The second kind of boundary that I thought of when it comes to setting boundaries with ourselves is life vest boundaries. These are boundaries that we set to keep us safe and afloat, and to give us confidence. As we are doing something in “water” that we can’t necessarily swim to shore in, we can rely on those life vests; and if there is a storm and we get knocked out of the canoe, then we can rest assured that our head will stay above water, because we have set these things in place to keep us afloat, no matter what. These are our self-support boundaries, our “permission to say no” types of boundaries, our “I need to be taking care of and nourishing my body” type of boundaries that really help us stay full, nourished, and safe. They also give us a way to gauge when the turbulence is getting too rough or when we are being pulled down a little bit, because we can feel the tension on our life vest boundaries.

Both Are Important

Both action-oriented/oar boundaries and safety/life-vest boundaries are important, and I think that sometimes, depending on our Enneagram type, we can lean too far one way or the other. Some of us are focused on Life Jackets: “I need this life vest and I need it to be on tight. I need to know that it’s there, and I need to be using it at all times and focusing on whether I have it latched properly, whether it’s working, and whether it will keep me afloat.” If you are doing this, though, you aren’t moving anywhere! And you aren’t able to steer yourself because you are hyper-focused on self-support and on rest or keeping yourself feeling okay. It is so important and we don’t lose sight of these, but it can be hard when we are only focused on those things. Likewise, if you are only focused on your action-oriented boundaries and expectations, on the things that will keep you moving forward, then you could get run down. If you neglect life-vest boundaries, you risk getting really, really tired, and you might realize that something has come “unlatched” and your “buoyancy” is not what it used to be. So it’s important to think about both of these boundaries.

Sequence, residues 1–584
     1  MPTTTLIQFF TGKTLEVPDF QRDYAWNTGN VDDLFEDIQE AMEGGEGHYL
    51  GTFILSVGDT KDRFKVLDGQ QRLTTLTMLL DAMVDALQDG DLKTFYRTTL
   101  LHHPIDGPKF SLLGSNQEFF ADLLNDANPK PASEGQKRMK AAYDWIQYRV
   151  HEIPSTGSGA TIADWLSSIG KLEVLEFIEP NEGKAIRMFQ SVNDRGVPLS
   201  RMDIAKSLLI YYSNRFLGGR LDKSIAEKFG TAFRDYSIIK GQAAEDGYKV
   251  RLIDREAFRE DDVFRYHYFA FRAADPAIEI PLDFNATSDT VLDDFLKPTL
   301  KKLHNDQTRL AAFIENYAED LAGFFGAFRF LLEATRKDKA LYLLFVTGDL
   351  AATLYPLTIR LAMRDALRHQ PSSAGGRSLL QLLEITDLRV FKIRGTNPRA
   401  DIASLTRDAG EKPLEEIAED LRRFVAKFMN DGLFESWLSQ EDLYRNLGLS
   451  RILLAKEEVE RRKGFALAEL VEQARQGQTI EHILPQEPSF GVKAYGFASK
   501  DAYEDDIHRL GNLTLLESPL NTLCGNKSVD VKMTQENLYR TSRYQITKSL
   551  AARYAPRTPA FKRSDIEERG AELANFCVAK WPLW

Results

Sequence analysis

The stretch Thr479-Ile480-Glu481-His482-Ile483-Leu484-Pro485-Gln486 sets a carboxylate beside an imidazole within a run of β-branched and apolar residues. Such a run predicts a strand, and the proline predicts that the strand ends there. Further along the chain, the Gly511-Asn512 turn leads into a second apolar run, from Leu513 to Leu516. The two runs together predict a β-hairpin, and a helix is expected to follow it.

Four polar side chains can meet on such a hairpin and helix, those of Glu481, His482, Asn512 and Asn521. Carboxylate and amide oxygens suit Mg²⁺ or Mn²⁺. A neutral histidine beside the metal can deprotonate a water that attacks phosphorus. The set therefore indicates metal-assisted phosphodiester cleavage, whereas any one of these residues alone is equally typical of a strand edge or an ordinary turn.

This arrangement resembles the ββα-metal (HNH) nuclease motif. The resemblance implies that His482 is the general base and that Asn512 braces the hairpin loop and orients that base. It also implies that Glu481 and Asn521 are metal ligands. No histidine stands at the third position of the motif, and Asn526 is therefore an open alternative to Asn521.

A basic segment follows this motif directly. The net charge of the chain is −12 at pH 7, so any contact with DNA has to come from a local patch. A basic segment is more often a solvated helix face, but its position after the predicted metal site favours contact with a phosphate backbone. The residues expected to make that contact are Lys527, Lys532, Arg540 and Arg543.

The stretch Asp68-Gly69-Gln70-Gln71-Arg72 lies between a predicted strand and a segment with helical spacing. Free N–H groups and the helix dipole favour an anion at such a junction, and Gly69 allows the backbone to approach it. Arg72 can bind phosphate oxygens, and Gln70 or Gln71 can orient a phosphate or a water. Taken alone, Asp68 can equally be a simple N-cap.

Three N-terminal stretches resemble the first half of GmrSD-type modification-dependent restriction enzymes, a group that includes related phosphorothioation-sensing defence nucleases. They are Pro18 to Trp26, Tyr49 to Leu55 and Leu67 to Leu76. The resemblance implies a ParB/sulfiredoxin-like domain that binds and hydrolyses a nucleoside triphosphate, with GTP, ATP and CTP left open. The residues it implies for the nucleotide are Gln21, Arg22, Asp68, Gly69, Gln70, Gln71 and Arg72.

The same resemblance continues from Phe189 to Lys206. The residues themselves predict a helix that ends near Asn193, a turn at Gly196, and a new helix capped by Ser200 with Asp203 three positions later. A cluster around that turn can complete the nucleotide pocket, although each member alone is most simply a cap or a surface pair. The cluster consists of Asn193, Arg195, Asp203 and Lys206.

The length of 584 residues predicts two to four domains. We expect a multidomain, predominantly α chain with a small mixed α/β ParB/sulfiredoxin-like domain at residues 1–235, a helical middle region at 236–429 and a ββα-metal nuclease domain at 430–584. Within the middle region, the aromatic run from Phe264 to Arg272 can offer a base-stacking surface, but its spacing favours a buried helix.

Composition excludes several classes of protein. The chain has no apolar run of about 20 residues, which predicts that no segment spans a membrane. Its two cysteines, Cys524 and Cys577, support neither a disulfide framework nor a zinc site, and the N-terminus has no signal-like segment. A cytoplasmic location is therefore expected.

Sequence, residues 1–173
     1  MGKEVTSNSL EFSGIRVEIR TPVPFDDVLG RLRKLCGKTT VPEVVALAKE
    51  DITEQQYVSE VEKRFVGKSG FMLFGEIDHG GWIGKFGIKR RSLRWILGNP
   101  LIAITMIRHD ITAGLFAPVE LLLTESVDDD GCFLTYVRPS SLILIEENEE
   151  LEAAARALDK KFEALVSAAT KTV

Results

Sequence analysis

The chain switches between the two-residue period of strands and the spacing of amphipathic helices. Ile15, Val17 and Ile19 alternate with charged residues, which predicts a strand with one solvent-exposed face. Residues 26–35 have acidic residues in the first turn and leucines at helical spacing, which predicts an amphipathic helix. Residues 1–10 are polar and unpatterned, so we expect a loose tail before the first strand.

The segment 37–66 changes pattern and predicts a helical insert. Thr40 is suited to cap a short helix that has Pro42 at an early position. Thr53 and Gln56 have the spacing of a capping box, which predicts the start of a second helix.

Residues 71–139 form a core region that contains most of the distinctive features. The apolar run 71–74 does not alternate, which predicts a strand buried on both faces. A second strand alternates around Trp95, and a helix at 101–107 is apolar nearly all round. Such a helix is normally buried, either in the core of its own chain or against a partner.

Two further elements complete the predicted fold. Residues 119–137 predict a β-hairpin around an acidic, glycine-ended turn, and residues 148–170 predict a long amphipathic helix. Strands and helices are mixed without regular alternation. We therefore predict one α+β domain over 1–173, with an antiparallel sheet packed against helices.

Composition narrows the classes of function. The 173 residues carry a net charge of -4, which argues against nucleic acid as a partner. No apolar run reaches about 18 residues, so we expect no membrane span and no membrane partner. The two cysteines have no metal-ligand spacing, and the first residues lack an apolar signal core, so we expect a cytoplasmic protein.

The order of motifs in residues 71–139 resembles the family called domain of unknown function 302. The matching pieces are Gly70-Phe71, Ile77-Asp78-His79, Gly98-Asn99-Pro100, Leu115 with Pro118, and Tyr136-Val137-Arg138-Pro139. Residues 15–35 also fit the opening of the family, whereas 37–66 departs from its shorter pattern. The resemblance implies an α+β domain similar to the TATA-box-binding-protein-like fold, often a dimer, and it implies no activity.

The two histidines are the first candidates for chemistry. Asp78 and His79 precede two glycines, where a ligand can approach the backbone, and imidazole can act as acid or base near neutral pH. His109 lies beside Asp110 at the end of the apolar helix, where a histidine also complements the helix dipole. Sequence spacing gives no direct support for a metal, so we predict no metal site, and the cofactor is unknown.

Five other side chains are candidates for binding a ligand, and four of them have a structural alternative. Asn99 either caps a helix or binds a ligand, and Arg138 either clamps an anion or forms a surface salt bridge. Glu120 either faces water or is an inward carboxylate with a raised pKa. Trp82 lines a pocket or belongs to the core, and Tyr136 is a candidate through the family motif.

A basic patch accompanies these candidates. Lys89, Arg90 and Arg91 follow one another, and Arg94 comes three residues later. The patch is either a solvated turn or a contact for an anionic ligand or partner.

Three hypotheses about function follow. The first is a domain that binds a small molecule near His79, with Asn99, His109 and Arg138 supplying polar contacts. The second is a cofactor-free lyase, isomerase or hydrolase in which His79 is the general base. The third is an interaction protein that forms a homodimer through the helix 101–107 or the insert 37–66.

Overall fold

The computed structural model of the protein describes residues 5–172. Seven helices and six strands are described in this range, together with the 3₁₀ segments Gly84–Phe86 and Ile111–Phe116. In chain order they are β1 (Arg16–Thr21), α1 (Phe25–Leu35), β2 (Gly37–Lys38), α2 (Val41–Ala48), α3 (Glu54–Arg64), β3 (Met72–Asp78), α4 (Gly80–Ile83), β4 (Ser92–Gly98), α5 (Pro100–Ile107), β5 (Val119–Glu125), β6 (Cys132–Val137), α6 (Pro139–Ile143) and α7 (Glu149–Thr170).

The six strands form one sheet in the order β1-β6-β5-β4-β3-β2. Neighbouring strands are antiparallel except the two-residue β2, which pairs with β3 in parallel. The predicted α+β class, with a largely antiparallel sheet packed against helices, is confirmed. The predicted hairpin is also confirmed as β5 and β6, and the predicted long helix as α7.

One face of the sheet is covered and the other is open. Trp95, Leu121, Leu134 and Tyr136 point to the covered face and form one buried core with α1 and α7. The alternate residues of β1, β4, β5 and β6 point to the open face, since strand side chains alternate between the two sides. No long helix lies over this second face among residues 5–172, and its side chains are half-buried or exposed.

Examples of Boundaries

I’m going to give some examples of what both of these could be, and as I give these, you might think that they could be either one, and that’s totally okay. Sometimes what you view as an action-oriented boundary, like giving yourself permission to do something to take an action, is going to feel to someone else like a life vest boundary, something that they would drown without! So feel free to pick and choose! I’m going to give some examples of what I think, but please take what serves you and leave the rest.

Examples of Oar/Action-Oriented Boundaries

Remember that these are the boundaries that keep us moving, and keep us on track and moving in the direction that we want to go without capsizing or running aground. Some examples of these are:

  • Setting limits on your work time or your playtime, whichever one is out of proportion
  • Setting a routine for wherever you need it. It can be really good to have routines set up in multiple areas, but there’s probably an area you think of that feels particularly off-track. This could be a morning routine, an evening routine, a healthy movement routine, a meal-planning routine…any sort of regular activity that you want to implement in a certain way that will benefit you.